Nicholas Kristof is at it again. This time, he is encouraging all students to take a gap-year or advantage of study abroad opportunities. This in and of itself isn’t tremendously controversial; international experiences (particularly in aid of learning a foreign language) can be a valuable learning experience. What I take particular issue with is how “easy” he makes it out to be:
There’s a misconception that gap years or study-abroad opportunities are feasible only for the affluent. There are lots of free options (and some paid ones) at idealist.org, which lists volunteering opportunities all over the world. It’s also often possible to make money teaching English on the side.
This assumes, of course, that there aren’t any opportunity costs associated with study abroad or international experience trips. It assumes that college students are a monolith of 18-23 year-olds, and not the non-traditional student that makes up the majority of post-secondary students today. For a single parent, an eldest sibling helping to care of family, a first-generation college student working multiple jobs, a student who has been to multiple campuses and institutions…These are the realities of higher education today, and taking a semester, a summer, or a whole year off to “find yourself” might be more affordable than ever, but the opportunity costs don’t just disappear.
I’ve written about the issue of excuses versus reasons, and what Kristoff is saying comes close to making student’s (and the student’s family’s) finances into an excuse rather than a legitimate reason for not studying abroad. In other words, the student is falling short of some standard that they need to justify by offering an excise. This also means that it can and should be reasonable expected of all students, or that money isn’t a good enough reason not to partake in these kinds of activities.
It also assumes that the best way to “learn about life” and to gain maturity is to travel to a foreign country. Many of my students know about poverty, hard work, inequities, code-switching, and other realities of life without having to leave their home county, let alone country. This doesn’t mean I don’t think that an international experience and learning about the world isn’t meaningful or valuable, but it’s another item on a long list of “extras” students need to have now upon graduation in order to “compete”: internships, international experience, volunteering, clubs, teams…On top of getting good grades (which apparently don’t matter anyway to employers) and being able to show off all of the “soft skills” they’ve acquired.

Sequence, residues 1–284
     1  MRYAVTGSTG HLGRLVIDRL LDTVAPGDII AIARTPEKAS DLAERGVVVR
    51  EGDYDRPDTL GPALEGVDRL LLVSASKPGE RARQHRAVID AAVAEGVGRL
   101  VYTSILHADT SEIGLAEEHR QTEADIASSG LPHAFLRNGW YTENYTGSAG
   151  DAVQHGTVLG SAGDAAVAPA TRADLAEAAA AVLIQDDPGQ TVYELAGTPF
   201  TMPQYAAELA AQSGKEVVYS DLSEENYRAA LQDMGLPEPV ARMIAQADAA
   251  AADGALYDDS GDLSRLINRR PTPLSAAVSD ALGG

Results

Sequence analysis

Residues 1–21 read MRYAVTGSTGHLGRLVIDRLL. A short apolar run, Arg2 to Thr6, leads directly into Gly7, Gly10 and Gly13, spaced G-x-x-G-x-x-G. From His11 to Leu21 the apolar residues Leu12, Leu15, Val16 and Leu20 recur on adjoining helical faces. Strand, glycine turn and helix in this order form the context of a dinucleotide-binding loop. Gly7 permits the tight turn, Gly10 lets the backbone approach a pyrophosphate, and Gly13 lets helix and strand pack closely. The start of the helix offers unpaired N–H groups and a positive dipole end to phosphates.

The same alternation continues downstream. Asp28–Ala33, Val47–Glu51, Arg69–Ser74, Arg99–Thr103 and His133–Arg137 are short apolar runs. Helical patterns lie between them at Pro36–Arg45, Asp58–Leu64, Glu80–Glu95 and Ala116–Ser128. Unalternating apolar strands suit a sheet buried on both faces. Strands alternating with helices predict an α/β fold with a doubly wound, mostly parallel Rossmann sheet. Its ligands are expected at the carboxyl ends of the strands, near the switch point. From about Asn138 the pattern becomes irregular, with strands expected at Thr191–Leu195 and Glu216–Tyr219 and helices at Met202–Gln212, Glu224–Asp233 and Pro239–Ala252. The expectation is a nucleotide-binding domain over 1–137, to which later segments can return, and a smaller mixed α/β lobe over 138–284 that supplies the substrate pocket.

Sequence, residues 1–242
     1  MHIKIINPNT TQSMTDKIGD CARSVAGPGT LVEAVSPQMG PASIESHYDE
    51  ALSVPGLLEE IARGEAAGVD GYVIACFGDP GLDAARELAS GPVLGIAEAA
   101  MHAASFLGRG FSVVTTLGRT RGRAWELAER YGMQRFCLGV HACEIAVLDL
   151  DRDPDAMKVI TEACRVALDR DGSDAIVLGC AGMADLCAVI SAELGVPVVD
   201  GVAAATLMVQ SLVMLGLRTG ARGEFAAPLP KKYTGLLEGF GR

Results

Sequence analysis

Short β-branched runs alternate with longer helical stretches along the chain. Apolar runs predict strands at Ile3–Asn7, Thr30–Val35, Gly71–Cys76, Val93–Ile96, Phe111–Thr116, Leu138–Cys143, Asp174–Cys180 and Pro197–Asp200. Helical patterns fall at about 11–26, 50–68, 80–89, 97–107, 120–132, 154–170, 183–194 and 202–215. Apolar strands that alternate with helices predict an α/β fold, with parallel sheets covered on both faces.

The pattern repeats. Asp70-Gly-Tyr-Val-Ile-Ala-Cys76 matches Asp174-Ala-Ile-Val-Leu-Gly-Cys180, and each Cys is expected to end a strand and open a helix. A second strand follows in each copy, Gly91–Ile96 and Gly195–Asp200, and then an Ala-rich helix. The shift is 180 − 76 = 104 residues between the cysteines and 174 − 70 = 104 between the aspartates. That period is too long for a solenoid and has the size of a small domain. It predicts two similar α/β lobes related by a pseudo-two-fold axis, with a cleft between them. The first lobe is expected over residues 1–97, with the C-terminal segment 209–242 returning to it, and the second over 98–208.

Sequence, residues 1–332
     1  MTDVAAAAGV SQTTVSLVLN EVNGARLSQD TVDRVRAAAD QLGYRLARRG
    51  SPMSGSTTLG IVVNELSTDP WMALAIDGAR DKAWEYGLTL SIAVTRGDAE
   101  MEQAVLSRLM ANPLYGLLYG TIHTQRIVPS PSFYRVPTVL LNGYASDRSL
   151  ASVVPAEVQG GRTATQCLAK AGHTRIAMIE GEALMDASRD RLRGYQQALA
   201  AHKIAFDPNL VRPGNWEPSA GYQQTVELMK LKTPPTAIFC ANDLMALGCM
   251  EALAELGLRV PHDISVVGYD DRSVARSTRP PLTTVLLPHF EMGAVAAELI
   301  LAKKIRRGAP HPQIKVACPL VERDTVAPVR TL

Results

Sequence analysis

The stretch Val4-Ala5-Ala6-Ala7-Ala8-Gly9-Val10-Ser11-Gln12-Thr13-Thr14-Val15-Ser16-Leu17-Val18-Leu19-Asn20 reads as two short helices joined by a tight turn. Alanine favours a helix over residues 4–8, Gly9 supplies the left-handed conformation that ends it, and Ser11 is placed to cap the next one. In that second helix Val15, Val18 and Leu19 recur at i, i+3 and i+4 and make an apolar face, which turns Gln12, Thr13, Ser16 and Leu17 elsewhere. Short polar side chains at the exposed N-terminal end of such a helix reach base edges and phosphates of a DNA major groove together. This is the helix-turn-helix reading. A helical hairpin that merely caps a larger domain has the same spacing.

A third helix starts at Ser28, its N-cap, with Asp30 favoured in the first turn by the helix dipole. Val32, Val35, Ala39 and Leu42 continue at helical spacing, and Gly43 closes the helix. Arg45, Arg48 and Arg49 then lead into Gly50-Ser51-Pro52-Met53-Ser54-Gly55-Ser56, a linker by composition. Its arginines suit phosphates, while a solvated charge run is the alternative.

It’s increasingly frustrating as an educator to watch so many of my students struggle to meet the longer and longer list of requirements needed to “stand out” on top of the things they need to do simply to make ends meet and survive college while meeting the demands and requirements of their families, communities, and other obligations. Students are starving, but rather than eat, we need to ensure they have an international experience.
But, what is our obligation in higher education? How much of our increasingly scarce resources, particularly in the public system, should we devote to helping our students do “more”? I want my students to have every opportunity to succeed, but at what cost? What happens when academics takes a back seat to…everything else? Are we really serving the best interest of our students and their educations or the demands of an unforgiving labor market?
I don’t have any answers to these questions. I struggled with many of the same questions 20 years ago. I never studied abroad, in large part because I had to take my summers to work and make money. I looked into teaching English and being an au-pair. But, if I took any time off just to travel and work, I would have had to start paying back my loans, which I couldn’t afford. These were legitimate reasons not to go overseas while I was a student. Did I envy my friends who could and did travel? Yes. Do I still?
Not really. I don’t feel any less educated than they do. My experiences were just different. I can also recognize however that I have a certain amount of other cultural capital that can compensate for my lack of "international" experience.
Students who can’t afford an unpaid internship or a study-abroad opportunity shouldn’t be seen as having some personal failings, but neither should institutions of higher education be the sole provider of or facilitator for these opportunities, to bridge the gap. Then again, if universities don’t provide these opportunities, private companies will (and already are), and they typically price out the very students my institution serves.
We need to start looking at who or what are placing these demands on all of us to begin with.